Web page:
I just learned about odrive and I’m on the trial period. I am using this on Windows. I have a NAS server which is mapped as a drive letter on my computer.
I am able to right click on a folder in the NAS server and click on Synch to ODrive. I noticed that if the folder contains only JPG files, they get synched and uploaded right away.
But I’ve noticed that any folder that contains any RAW files, don’t get synched at all. I waited a while thinking that because the files are larger it may take a while, but the process of showing the pink/blue icon doesn’t happen on these folders.
I have Amazon Prime, so I am believe RAW files are included in my unlimited photo storage.
Is this a known issue for odrive, or could be something in my setup?
I did a search on the forums regarding NAS and RAW files but I didn’t find anything so far.
Also, is this feature of synching from a NAS server, only a Premium feature? I would consider upgrading to Premium as long as it works for my needs.
Can you send a diagnostic from the odrive menu so I can take a closer look?
Do you see any files listed under “not allowed” in the odrive menu?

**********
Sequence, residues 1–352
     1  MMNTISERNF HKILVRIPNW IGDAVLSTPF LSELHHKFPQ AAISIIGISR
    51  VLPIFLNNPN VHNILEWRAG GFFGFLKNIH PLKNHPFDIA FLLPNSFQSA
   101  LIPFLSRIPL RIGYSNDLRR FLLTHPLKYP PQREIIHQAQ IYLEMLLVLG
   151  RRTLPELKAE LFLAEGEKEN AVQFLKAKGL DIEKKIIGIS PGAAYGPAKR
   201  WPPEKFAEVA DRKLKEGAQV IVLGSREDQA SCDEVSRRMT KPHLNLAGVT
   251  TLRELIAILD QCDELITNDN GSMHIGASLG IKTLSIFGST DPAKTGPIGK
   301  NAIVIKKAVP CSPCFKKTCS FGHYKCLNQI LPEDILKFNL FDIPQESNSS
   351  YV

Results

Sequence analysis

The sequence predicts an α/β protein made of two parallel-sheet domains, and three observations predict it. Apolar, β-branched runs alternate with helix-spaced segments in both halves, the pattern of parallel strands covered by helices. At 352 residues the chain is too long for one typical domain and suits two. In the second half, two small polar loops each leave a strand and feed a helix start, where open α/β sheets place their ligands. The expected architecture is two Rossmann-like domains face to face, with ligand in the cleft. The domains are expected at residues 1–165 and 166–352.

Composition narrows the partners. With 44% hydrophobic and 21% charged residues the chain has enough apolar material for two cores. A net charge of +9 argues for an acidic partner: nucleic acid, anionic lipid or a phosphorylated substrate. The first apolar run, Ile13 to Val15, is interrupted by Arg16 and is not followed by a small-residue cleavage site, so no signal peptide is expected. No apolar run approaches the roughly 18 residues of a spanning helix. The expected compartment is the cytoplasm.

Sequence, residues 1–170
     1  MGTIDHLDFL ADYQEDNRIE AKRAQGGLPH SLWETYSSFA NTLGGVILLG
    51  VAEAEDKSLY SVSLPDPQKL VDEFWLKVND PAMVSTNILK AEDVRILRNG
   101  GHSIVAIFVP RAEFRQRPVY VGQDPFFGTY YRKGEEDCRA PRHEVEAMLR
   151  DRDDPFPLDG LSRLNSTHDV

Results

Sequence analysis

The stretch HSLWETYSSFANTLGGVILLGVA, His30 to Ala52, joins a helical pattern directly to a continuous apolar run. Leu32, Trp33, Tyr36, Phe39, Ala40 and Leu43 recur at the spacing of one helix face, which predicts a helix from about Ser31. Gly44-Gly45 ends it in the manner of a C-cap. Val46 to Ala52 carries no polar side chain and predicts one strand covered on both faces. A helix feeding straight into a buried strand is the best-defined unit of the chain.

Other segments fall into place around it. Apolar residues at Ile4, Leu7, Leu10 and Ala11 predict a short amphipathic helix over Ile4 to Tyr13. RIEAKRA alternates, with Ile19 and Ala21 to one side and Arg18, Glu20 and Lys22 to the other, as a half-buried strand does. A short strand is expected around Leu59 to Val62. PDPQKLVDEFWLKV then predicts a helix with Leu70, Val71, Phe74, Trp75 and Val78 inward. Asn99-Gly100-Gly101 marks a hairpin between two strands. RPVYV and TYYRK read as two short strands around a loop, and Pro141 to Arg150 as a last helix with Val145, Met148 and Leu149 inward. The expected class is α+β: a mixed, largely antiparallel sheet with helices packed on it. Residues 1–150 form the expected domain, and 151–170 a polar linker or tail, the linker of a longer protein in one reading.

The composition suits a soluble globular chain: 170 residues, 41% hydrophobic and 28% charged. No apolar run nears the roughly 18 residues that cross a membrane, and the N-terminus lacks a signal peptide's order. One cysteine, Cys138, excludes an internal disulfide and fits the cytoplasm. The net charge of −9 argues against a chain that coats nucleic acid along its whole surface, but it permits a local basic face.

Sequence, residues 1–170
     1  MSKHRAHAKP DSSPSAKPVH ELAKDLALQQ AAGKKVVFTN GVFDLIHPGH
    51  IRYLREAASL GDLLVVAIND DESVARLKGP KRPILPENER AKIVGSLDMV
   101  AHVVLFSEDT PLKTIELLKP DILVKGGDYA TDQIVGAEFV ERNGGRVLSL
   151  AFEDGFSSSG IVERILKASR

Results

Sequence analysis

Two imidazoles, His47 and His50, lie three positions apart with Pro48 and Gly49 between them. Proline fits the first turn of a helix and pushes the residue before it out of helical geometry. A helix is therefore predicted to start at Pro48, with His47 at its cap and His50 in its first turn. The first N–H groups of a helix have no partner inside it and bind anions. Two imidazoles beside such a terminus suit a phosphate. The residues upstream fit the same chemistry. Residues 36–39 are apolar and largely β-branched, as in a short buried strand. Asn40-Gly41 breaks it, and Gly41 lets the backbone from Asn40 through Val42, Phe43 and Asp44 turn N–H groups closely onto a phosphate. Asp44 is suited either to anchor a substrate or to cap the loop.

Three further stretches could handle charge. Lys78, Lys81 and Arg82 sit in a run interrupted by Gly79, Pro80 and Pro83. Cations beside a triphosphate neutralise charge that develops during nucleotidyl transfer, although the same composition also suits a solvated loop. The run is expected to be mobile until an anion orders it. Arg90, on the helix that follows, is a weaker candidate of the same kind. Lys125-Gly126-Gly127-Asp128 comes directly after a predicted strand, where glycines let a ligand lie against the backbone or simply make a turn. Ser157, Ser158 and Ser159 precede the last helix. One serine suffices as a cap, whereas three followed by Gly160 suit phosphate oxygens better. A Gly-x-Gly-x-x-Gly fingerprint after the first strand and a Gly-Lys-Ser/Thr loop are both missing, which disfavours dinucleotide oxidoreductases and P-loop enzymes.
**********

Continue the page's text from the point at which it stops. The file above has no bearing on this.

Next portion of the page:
Thanks Tony. I sent the diagnostic. I don’t see any “not allowed” files any where in he odrive menu. Also, the folder i tried to synch has both RAW and JPG files. But neither upload.
I was able to take a look at the diagnostic. odrive is hitting a permission denied error on several of your sync folders. You may be able to see this if you look at the “sync to odrive” section in the odrive menu.
When a new sync to odrive folder is created, it first tries to write a
.odrive to the root to mark/identify the folder and to test for write permissions. Do you know if these folders are read-only?
I see that now. I thought I had permissions but will need to check. So it needs to be able to write in the folder for synching? Im guessing if a file is deleted from Amazon Photos, then it needs to delete it from the NAS server?
That is correct. odrive is a bi-directional sync engine, so it needs to be able to write into the folder.